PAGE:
In 1988 there was a little movie called “Young Guns.” I’m the sure the pitch to the studio big-wigs was simple…cast some of the hottest young actors as famous old west outlaws. It was a hit and it spawned a 1990 sequel which recruited a few more young up-and-comers to play cowboy, including Christian Slater. The following year, Slater appeared in a film whose pitch probably went something like this…it’s Young Machine Guns! The result was 1991’s “Mobsters.”
The film begins with four young men, two Italian two Jewish, growing up in a New York City neighborhood in 1917. They are Charlie (soon to be “Lucky”) Luciano (Slater), Meyer Lansky (Patrick Dempsey), Frank Costello (Costas Mandylor), and Benjamin “Bugsy” Siegel (Richard Grieco). It’s a rough neighborhood they live in and it’s under the control of two battling Dons, Faranzano (Michael Gambon) and Masseria (Anthony Quinn). These young men have experienced the brutality of these crime families first hand. Faranzano regularly hassles Charlie’s father for payoffs and Masseria is such a slimeball that he stands back and watches as his own nephew, a friend of Charlie’s, is murdered in the street in front of him.
Year’s later, the four industrious young men have gone into business for themselves. First, they team up with the wealthy Arnold Rothstein (F. Murray Abraham) and begin to experience some success. Charlie is the face of the organization, the one who can command the respect of others, Lanskey is the brains, and Costello and Siegel are the muscle. Together, the see to make a name for themselves in the world of organized crime. This means at times aligning themselves with one or the other of these two crime families from their past
Of course, it’s not easy being a gangster. There are attempts on Charlie’s life, one of which leads to a hit on his girlfriend (Lara Flynn Boyle) by a pint-sized hit man (Nicholas Sadler). This pushes Charlie and his boys over the edge and leads to an all out war against the Dons and their old regime.
“Mobsters” might as well be called “The Encyclopedia of Gangster Movie Clichés.” One entry might be A is for Anthony…Anthony Quinn, who pours the gangster act on thicker than the sauce in his momma’s lasagna. B is for Bloody…like over-the-top bloody! C is for Crowded…as in the blatantly backlot Brooklyn set at the film’s open that is so over-crowded, it must have been filmed on Bring-your-family-to-the-movie-shoot Day for the crew. Don’t worry, I’m not going to go on like this, but dang! I mean we’ve even got Joe Viterelli in this thing. It must be an unwritten rule that anyone who makes a gangster flick without him in it gets whacked! Still even with more clichés than the number of bullets put into Sonny Corleone, I found myself kind of enjoying this little mess of a movie. This is guilty pleasure territory, for sure. I mean you’ve got to look at the film in that way to accept Michael Gambon as a mob boss. Sorry, but I’m just not buyin’ Professor Dumbledore as a Sicilian.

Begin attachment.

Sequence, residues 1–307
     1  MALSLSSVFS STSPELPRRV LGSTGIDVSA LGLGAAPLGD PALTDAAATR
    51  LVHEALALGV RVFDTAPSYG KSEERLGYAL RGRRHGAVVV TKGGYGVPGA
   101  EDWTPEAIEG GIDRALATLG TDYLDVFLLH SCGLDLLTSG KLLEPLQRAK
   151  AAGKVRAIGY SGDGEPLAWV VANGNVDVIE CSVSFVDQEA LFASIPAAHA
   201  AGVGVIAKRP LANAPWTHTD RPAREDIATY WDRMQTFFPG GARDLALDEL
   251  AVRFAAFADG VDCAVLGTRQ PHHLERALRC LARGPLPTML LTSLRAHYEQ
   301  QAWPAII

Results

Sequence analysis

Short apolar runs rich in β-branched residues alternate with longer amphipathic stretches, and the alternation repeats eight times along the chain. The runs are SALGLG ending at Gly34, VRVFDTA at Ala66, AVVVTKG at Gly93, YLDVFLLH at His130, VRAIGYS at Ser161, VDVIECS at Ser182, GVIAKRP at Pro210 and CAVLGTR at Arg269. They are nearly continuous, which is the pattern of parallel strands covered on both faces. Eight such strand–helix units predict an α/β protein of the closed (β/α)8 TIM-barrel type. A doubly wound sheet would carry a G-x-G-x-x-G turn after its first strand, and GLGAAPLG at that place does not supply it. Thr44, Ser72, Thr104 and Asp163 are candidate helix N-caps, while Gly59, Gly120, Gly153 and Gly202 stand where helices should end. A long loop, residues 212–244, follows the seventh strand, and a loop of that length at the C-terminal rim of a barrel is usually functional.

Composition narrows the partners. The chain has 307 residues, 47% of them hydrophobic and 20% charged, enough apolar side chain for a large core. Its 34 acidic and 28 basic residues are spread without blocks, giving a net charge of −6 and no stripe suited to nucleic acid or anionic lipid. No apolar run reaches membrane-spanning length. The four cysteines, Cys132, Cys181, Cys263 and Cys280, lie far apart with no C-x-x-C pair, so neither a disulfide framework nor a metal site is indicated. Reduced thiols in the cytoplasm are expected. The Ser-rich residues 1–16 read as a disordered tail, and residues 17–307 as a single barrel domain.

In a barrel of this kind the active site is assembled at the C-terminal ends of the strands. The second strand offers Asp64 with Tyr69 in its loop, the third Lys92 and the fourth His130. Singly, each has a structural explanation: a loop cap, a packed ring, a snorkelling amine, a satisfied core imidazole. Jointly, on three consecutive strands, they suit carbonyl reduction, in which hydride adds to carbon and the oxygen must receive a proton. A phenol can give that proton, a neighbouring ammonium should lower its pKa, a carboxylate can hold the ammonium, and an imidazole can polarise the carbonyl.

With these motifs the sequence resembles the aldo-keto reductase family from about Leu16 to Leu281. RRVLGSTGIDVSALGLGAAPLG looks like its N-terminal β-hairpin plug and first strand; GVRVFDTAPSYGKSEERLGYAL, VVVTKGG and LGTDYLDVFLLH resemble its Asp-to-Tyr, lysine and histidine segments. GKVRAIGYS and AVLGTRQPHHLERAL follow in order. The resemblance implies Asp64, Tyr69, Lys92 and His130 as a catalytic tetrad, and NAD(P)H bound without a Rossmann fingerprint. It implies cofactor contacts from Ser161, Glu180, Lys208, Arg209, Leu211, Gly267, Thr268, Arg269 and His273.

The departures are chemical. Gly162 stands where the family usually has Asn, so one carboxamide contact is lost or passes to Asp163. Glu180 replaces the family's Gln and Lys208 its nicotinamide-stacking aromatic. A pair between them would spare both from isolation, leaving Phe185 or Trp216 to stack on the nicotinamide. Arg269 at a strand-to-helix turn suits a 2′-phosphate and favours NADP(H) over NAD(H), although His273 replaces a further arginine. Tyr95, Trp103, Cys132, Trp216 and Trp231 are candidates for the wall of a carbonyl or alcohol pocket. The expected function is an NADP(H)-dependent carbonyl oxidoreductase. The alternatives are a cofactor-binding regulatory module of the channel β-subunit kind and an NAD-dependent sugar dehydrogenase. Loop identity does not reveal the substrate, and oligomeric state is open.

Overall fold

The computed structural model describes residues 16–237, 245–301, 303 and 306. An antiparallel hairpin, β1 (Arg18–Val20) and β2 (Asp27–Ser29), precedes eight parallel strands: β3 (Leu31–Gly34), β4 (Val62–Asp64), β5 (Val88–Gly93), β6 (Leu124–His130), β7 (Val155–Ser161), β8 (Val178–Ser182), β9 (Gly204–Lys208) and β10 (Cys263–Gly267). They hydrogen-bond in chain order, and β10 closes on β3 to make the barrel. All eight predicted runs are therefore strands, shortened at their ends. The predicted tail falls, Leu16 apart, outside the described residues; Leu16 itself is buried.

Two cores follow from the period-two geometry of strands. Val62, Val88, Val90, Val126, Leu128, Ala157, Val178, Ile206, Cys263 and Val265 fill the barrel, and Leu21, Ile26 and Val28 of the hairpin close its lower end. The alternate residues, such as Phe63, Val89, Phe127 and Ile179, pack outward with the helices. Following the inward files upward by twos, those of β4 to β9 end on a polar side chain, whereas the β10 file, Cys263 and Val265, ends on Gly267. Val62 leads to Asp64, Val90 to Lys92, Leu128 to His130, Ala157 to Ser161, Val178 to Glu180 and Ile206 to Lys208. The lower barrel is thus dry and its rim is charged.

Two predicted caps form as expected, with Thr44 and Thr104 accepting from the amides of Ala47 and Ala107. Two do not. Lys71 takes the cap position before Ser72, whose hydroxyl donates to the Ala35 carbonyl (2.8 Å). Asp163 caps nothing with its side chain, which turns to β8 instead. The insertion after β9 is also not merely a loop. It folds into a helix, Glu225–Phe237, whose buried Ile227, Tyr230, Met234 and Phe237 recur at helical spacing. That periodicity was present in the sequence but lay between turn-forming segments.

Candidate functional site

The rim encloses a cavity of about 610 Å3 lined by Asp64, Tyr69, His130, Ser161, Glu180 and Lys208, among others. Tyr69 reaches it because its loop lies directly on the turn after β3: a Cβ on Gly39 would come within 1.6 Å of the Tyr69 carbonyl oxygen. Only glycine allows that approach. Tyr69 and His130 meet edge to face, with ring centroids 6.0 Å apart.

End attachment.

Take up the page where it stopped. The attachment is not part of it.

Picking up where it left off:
Even though the marketing of the film highlighted four young actors, it really only focuses on two…Slater and Dempsey. Mandylor and Grieco are really not given a chance to do much other than shoot guns. Slater seems to be coasting a bit on his youthful Jack Nicholson bit, but Dempsey is the real standout. His Meyer Lanskey is vicious and conniving…he’s what makes the organization work. The lanky, somewhat awkward, Dempsey is not an imposing figure by any stretch of the imagination, but his slyly sinister performance fits quite well.
“Mobsters” came within a year that saw several other gangster movies, including “Bugsy” and “The Godfather Part III.” Some may say that Coppola’s final outing with the Corleone family was a bit, let’s say “misguided.” That word doesn’t even begin to describe this film. Yet, it’s still very entertaining.